And, I had to laugh at Janeen's post about House Hunters. I've shouted the same things at the screen in frustration. I was tickled pink when got our first teeny-tiny old run-down place, and to see these spoiled brats complaining about perfectly good (and better than we had) things needing to be replaced just blows my mind. They're the types who would look down on a 'homemade' gift regardless of the sentiment and cost and workmanship put into it. Grrrrrr! :evil:

    Another thing we unfortunately need to keep in mind is that the whole concept of saying a proper Thank You for ANY gift seems to be lost. A whole generation is growing up with expectations of gifts and 'things' with no real appreciation or thought to say Thanks for them. Such a shame when common manners like this disappears. :thumbdown:

  20. #45
    Member
    Join Date
    Jan 2009
    Posts
    32
    Blog Entries
    1
    I am not sure it really has anything to do with folks not knowing the amount of work that goes into making a quilt. I find more and more that people just don't take the time or effort to acknowledge a gift. Not sure why - but people just seem to be getting lax with simple social graces.

  21. #46
    Senior Member dojo36's Avatar
    Join Date
    Mar 2007
    Location
    Odessa, Texas
    Posts
    882
    well, get a load of this one! I made a generous size lap quilt for my neighbor lady for her birthday one year and never did see it in her house. she did mutter a "thank you" but even though they say the words, that doesn't mean they mean it. A year or so later, i happened to run in to her husband getting out of his van same time i was getting out of my car, he proceeded to tell me that he was sure enjoying the quilt i made, he's carrying it in his van to cover with when he takes a nap at his mechanics shop. evidently SHE didn't like it so she gave it to HIM for his van. i'll never make her another one. but at least i'm glad he's enjoying it. they are an older couple.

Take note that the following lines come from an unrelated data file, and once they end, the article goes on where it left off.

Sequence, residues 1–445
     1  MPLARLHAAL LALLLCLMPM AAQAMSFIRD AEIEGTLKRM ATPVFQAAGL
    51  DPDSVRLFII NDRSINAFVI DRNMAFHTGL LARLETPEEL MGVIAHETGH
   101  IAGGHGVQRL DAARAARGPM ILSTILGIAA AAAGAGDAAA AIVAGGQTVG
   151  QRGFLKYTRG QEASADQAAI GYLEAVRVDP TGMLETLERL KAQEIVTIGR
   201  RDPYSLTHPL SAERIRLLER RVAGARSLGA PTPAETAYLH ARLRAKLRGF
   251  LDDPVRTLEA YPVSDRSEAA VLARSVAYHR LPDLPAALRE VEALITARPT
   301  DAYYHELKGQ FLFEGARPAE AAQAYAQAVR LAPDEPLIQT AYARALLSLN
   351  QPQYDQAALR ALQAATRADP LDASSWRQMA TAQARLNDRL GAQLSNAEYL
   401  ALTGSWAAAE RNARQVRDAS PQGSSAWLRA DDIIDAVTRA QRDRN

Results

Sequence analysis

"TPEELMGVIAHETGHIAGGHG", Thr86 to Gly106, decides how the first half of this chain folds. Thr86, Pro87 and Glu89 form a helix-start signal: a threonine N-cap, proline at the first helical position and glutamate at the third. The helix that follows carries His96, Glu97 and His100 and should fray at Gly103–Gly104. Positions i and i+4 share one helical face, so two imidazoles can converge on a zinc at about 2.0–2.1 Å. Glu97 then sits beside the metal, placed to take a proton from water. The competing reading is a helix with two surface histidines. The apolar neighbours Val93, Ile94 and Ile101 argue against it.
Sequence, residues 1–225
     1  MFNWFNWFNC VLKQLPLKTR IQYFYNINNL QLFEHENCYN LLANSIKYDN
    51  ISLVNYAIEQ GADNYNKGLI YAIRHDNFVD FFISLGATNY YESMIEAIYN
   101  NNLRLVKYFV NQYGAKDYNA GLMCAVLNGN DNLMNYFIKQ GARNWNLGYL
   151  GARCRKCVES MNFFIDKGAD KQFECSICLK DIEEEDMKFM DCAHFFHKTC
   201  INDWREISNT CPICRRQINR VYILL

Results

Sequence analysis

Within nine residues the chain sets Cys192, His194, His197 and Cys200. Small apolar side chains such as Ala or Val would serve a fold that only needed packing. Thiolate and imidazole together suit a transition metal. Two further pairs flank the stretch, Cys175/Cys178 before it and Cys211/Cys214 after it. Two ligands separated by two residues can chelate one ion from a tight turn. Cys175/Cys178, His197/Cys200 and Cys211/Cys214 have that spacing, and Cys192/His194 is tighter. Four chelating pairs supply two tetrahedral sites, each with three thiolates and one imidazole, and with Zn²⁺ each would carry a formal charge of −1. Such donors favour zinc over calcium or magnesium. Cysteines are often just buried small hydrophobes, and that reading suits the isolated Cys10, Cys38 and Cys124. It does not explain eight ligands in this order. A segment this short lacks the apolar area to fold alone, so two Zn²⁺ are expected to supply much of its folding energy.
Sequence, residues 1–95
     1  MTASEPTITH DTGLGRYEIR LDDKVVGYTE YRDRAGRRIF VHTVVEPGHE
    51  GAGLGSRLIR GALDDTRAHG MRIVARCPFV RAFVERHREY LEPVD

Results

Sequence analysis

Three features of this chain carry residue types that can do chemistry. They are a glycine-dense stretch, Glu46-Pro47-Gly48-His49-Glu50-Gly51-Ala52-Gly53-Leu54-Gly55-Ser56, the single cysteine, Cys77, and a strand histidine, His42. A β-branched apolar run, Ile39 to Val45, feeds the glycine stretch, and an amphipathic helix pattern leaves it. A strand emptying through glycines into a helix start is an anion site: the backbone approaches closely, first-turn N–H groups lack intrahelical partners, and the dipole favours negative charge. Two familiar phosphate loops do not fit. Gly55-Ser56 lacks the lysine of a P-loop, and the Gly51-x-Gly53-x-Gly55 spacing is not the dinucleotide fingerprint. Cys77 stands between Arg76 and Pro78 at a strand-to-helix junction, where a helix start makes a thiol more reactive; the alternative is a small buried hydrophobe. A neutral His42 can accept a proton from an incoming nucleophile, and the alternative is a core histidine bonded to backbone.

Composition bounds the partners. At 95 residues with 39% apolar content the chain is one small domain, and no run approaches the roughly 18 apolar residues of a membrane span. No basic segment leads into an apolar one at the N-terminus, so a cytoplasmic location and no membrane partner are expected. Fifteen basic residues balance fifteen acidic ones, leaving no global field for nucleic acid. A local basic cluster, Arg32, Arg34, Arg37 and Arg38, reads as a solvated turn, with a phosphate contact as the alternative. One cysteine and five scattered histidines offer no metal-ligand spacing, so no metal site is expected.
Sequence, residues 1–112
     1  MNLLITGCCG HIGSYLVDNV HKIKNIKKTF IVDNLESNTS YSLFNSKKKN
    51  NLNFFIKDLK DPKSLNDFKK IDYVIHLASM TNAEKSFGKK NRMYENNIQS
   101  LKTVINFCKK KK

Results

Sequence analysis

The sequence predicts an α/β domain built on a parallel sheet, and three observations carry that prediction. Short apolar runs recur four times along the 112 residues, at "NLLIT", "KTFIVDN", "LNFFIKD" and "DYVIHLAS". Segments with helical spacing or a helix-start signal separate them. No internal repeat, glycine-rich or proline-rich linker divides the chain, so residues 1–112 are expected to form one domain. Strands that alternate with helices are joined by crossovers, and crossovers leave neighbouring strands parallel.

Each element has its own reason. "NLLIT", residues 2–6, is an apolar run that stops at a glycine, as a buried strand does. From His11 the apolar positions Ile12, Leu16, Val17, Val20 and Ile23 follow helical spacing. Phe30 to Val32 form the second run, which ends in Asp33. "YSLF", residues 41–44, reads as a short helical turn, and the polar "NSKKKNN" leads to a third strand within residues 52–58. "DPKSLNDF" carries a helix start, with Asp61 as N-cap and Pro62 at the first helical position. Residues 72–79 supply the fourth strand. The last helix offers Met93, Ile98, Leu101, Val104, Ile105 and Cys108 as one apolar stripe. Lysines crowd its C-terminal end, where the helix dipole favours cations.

22. #47
    Senior Member
    Join Date
    Jan 2008
    Posts
    506
    They do not have a clue! Most people have never been in a quilt shop and know that good fabric can cost up to $9 a yard, thread is expensive and that does not begin to factor in the many hours of work. Sad but true!
    If I do make and sell a quilt for someone I make sure they are aware of this before I start. The other thing is if you live in a small town without a quilt shop you have to travel for your supplies. When Gas got up to $4 a gallon, I had a panic attack!

  23. #48
    Senior Member Marguerite's Avatar
    Join Date
    Jul 2008
    Location
    SF Bay Area, California
    Posts
    470
    I make a lot of things by hand; crochet, cross stitch, embroidery, and quilting. I do not give those types of things to those that do not understand what goes into them. I have been hurt by it before. For those that really appreciate the time, talent, and thought that went into a hand crafted gift, there is no better feeling of appreciation than the look on their face. It makes it all worth it. I don't make them for the appreciaton but you'd like your work acknowledged.

  24. #49
    Super Member
    Join Date
    Apr 2007
    Location
    Alturas, CA
    Posts
    8,617
    I don't think they have a clue. I think they think that they should be able to buy one for under $200 at the most.

  25. #50
    LaCora's Avatar
    Join Date
    Jan 2009
    Posts
    12
    Hi Mary
    Question I Like the quilt you have on your post notes. Do you recall the name of it?

Page 2 of 5 FirstFirst 1 2 3 ... LastLast

Posting Permissions

  • You may not post new threads
  • You may not post replies
  • You may not post attachments
  • You may not edit your posts
  •  

SEO by vBSEO ©2011, Crawlability, Inc.